Blue-blooded blogger

Eric Ariel Salas

Eric Ariel Salas

When I started blogging at the end of January three years ago, I never had any great expectation at all other than to write my daily ranting in a fashion different from what I used to when I write my newspaper columns. Frankly, I never thought it would be exciting and challenging. Exciting, because I cannot wait to be online every day, write a post, and feel in my heart the effect every entry has to every blogger/visitor/online wanderer reading it. Challenging, since even in the early stage of my blogging existence, I had changed layouts thrice and learned HTML and scripting to somehow compete with the rest of the impressive designs around.

I do not know the percentage of SDSU students that blog; maybe a lot, and secretly doing it. But why do I blog? A few reasons. There is fun to it. If you are a persisting writer, the blog can be your emotional outlet. Since a blog is interactive, you know what others think and their opinions, most of the time, matter. Blogging lets you get in touch with the lives of friends who have started the online journal as well. In my three years of blogging, I gained virtual friends – blogger friends I met through blog forums. They are real people who interact with your every entry, leave comments and give you inputs. They are your regular visitors who love what you do online, but oftentimes critique your posts. They complete your blogging life. They also maintain blogs and write crazy things about their crazy lives.

Once you get the feel and excitement of blogging, many at times, you would find yourself in a situation where you do not exactly know what to blog about. It is called a “dry moment.” Should you post an entry about the sexy lady neighbor who steals a mysterious look at you while you mow the lawn? But you just could not seem to organize your thoughts for a worthy girl-next-door blog. You wish for her to do more serious flirting before you can create a good story for a daily post. That moment you are simply left wishing and thinking blank.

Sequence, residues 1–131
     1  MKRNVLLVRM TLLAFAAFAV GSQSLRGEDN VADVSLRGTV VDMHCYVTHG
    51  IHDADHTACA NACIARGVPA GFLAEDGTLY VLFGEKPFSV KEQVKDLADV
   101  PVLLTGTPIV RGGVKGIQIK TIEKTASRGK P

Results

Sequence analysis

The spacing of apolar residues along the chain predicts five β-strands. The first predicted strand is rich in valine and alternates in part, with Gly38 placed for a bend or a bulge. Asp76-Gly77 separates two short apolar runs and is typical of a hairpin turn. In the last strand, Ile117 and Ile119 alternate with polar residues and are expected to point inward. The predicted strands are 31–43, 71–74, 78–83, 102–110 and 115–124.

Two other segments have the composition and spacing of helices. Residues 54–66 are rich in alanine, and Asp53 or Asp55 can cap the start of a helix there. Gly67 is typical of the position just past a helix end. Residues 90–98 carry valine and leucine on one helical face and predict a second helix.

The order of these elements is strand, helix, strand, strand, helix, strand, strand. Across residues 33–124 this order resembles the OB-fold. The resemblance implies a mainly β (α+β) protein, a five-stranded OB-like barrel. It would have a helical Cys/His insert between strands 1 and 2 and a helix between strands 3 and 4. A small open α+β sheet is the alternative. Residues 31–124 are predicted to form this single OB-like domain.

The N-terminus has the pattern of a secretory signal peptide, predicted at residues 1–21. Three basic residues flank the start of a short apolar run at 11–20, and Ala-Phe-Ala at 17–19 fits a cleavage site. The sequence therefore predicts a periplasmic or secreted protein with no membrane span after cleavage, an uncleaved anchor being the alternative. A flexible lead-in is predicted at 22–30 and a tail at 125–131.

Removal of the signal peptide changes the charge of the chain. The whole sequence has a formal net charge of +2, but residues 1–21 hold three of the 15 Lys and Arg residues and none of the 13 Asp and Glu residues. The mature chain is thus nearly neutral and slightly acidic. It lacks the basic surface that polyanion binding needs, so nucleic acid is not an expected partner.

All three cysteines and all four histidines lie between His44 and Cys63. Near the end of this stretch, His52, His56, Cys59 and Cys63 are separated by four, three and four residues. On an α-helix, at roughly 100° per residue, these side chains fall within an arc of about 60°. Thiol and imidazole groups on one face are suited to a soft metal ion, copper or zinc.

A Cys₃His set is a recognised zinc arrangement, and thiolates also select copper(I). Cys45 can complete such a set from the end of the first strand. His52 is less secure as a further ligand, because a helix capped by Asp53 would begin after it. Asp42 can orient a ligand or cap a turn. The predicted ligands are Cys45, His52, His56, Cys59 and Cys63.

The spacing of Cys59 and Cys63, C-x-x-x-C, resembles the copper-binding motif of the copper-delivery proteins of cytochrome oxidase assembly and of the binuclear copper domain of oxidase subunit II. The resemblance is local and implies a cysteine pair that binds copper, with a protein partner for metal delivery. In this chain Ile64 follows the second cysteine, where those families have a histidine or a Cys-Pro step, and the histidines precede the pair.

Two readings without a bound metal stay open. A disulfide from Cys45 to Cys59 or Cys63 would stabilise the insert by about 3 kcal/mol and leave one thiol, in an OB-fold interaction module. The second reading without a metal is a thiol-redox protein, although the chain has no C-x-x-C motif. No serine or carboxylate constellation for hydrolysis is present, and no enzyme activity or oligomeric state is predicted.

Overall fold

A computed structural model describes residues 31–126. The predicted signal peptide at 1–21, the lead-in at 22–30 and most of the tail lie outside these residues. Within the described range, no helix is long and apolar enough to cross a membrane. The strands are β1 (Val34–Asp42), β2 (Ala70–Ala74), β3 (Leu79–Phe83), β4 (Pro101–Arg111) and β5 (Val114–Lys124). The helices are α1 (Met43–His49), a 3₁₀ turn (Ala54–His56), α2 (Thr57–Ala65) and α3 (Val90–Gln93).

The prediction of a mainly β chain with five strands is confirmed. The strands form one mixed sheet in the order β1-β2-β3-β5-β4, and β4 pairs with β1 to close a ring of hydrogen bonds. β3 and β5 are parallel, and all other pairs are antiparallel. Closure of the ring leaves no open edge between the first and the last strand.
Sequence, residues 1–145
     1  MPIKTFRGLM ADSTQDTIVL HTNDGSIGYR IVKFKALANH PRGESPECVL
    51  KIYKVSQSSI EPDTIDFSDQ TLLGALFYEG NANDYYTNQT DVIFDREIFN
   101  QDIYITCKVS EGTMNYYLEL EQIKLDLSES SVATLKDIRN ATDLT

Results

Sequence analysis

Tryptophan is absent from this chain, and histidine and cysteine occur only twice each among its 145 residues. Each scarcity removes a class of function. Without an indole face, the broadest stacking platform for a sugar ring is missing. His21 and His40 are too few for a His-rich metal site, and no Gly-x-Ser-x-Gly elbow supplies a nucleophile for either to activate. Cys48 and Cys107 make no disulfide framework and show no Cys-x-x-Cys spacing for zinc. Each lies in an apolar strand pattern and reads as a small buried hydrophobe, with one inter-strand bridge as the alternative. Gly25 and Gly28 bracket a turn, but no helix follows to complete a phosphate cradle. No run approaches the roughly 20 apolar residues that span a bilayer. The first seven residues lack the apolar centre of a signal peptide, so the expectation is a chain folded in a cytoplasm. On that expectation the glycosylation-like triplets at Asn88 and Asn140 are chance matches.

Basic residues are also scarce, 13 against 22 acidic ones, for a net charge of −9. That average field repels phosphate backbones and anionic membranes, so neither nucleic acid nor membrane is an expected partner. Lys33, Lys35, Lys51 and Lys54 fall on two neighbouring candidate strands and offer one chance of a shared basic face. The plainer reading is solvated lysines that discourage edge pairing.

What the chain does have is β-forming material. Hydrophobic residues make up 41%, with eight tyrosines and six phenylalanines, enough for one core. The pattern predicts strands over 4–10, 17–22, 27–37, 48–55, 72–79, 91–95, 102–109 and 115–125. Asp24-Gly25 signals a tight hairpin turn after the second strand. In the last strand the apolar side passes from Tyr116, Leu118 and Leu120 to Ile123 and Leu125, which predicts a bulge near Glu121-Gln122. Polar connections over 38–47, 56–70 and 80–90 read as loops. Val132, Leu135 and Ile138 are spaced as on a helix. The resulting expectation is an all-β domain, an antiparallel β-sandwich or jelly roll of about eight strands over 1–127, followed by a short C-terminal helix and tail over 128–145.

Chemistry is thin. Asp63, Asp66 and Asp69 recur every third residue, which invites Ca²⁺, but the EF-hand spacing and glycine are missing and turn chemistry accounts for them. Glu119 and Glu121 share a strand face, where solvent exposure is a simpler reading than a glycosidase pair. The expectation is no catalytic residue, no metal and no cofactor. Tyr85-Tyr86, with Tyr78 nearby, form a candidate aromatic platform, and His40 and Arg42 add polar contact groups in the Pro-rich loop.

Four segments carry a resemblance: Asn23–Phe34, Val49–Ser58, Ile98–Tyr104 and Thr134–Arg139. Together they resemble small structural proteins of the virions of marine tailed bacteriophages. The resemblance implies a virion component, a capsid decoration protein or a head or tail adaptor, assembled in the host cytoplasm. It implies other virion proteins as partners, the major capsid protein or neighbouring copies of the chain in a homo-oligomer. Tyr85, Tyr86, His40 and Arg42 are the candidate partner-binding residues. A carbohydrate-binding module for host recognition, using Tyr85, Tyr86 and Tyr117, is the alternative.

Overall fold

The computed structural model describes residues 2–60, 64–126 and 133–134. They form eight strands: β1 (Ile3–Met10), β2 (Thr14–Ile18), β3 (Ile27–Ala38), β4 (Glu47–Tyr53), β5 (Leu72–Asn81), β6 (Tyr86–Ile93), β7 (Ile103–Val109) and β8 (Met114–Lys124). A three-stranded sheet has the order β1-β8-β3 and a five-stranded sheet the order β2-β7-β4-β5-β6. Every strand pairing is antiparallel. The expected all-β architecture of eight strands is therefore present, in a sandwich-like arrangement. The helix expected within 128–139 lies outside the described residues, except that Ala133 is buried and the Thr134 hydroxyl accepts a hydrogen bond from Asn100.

During dry moments, do some random blogging. It is just like running your finger to a book article and whichever word your finger stops, blog about the word. Random selection for your confused mind is the easiest solution. Write about the best bloggers of the century, or the longest-running Weblog on the Internet. Online browsing would also reveal facts that would lead to other interesting information.

Pause. Warning – blogging can be very addictive. The Mercury News blog writes, “What starts out as a hobby for some can end up permeating their lives and minds. Some of the diarists post repeatedly throughout the day and juggle several blogs and feel anxious if they don’t write. Most dedicated bloggers say the endeavor has enriched their lives, but some worry about finding balance and keeping their obsession in check.”

Therefore, once you feel these blog symptoms: you have more blog friends than ‘real life’ friends; you cannot sleep without writing a post; tracking back blog comments is your medium of knowing family whereabouts info; you cannot stop pinging; you visit Digg or Technorati countless times a day; you monitor numbers such as feed counts, Twitter followers, blog rankings, blog unique visits and pageviews, and then you worry when you see them decline; or once you feel you are already out of touch from what is ‘real’, stop. Blogging should be fun and not control you. In the blogosphere, everyone is equal and you can even stay anonymous. This does not mean isolating yourself.

There are more things that you should know about blogging that would make you sign up for a domain name and get a hosting service. I will share my thoughts about it in my coming articles.